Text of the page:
The story of convergence

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UBUntu Phone


On January 2, 2013, as most of us dove back into reality after the holidays, my team and I were hard at work. After a lot of planning and preparation, we announced Ubuntu for phones, a beautiful, integrated phone experience that looks and feels like Ubuntu but with a glimpse of the future [1].

Back in 2004 when we started this story, Ubuntu was explicitly focused on the Desktop. Our goal back then was to create the most desirable and powerful Linux desktop, and quickly Ubuntu became the choice of most Linux users. We then focused on the server, and then the cloud, and Ubuntu started developing a reputation for making technology simple whether on the client or the server.

It wasn't until 2010 that we really started thinking about true convergence: delivering a single ubiquitous operating system that runs across any form factor you might care about. Back then when we explored this vision, our dream was about Ubuntu on phones, tablets, TVs, and of course our familiar desktop and server platforms. Of course, dreams are simple; unfortunately, making dreams become reality can involve a lot of work and some gritted teeth.

Delivering this large convergence story really started with the introduction of Unity. Although controversial at first, Unity was designed from the outset to be a powerful interface across these different devices. The desktop was the first logical target, but the design and development of Unity was born with these other form factors in mind. While these other form factors were considered, the focus was still very much on the desktop and maturing both the design and implementation of Unity, which culminated in a rock-solid Ubuntu 12.04 LTS.

Things really started to get interesting when we introduced the TV and the world could see our idea of an Ubuntu TV. Interestingly, the convergence story started slotting into some folks; it was immediately obvious that Ubuntu for TVs was indeed Ubuntu. The design, color, and interaction models seemed intimately familiar if you had seen the Unity desktop before, but it was optimized for the TV viewing and interaction experience.

As someone who tends to spend a lot of time with our community, I was fascinated by the response to Ubuntu for TVs. Although people were definitely excited and some folks saw the convergence, the wider convergence vision was still not something that people were thinking about when we discussed Ubuntu. At least part of this was because we at Canonical were not doing the best job of explaining and presenting this vision, perhaps because the real beauty of the vision is in the nuances of it.

This all changed when we announced Ubuntu for phones. Much of the feedback, articles, and opinion we saw following the announcement highlighted the vision of Ubuntu across a range of devices, and how content, applications and other content is shared across these devices using Ubuntu One. Finally, things started to make sense for many onlookers, as well as for us. Although we were edging toward this dream, we were still adjusting and improving as we created new technology and exposed it to users.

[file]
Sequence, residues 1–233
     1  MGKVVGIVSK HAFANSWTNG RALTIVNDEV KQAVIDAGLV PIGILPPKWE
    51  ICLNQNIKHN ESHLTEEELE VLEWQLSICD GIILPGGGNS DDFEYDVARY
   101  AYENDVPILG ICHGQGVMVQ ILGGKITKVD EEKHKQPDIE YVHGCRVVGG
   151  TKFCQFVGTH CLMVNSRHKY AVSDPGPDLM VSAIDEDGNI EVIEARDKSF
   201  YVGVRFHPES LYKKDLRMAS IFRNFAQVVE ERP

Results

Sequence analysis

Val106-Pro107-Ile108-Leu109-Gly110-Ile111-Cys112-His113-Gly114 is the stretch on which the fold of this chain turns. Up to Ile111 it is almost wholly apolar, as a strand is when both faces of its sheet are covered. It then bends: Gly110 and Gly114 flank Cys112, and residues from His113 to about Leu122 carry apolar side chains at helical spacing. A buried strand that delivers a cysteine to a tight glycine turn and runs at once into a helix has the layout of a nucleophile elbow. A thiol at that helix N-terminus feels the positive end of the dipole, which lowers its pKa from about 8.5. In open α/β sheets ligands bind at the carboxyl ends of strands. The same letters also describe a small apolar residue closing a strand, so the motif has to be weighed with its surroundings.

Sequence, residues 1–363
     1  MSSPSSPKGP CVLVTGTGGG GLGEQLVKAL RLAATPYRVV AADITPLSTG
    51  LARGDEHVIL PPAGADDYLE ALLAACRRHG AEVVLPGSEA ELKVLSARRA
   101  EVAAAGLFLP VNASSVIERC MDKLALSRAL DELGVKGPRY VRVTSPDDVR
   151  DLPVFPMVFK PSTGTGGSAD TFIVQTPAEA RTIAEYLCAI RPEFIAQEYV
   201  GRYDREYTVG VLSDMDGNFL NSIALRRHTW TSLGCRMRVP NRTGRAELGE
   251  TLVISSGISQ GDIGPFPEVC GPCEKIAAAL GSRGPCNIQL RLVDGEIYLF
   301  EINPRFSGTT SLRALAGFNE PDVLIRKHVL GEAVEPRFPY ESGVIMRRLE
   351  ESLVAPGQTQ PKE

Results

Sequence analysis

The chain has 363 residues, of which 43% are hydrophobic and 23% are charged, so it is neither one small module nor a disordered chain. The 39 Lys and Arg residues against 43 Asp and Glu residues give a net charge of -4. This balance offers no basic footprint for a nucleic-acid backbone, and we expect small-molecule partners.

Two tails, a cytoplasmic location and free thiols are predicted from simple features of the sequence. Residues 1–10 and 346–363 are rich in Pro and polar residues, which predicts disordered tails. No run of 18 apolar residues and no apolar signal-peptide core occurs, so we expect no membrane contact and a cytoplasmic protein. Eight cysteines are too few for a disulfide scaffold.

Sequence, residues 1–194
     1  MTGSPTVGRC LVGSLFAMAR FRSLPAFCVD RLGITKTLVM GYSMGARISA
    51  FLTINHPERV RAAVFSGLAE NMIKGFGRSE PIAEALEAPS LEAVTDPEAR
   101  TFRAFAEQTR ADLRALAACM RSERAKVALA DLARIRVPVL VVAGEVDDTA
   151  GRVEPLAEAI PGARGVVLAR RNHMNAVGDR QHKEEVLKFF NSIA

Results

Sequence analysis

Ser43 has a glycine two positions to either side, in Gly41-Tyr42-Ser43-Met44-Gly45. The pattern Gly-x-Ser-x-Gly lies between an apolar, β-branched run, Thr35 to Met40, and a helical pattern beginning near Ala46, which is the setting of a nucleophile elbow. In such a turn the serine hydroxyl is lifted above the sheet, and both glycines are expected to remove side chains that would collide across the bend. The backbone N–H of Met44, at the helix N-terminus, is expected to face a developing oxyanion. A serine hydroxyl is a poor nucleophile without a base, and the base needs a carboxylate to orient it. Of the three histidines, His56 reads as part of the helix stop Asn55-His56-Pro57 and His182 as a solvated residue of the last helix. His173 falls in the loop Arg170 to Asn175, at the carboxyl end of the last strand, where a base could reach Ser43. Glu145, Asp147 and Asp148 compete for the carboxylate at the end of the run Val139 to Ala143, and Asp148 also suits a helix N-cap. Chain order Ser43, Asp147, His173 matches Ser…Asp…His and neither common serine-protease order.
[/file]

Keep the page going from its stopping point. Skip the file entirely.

A week or so after the Ubuntu phone announcement, I flew out to Las Vegas with a number of other Canonical staff to exhibit this convergence story at the huge Consumer Electronics Show (CES) [2]. There we spent four days deluged in interested visitors who wanted to see the phone in person after following the announcement buzz online. I spent all day every day at CES demonstrating the phone, doing interviews, and showcasing the phone within the context of the desktop and TV.

The response to the phone was absolutely mind-blowing. In my six and a half years working at Canonical, I have never seen the sheer level of interest and excitement that I have seen for the phone. There was not only interest at CES, but people genuinely seemed to like the look and feel of the phone, and the focus on content.

As the Ubuntu Community Manager, I am most excited that this convergence is opening up a world of opportunity for our community. We are increasingly focusing on app developers, and encouraging our community to participate in building Ubuntu across these different form factors.

These new opportunities bring new challenges and, as we have proven historically, we don't plan to settle for the status quo anytime soon. We need to push the envelope in terms of the end-user experience of Ubuntu as well as how we create Ubuntu in the first place. Meeting this challenge is only something we can do together as a community, though, and our convergence story is getting told all over the world. Now is a great time to explore these challenges for a bright new future.


  1. Ubuntu for Phones:
  2. CES:
  3. BBC Video Interview with Canonical's Jane Silber:

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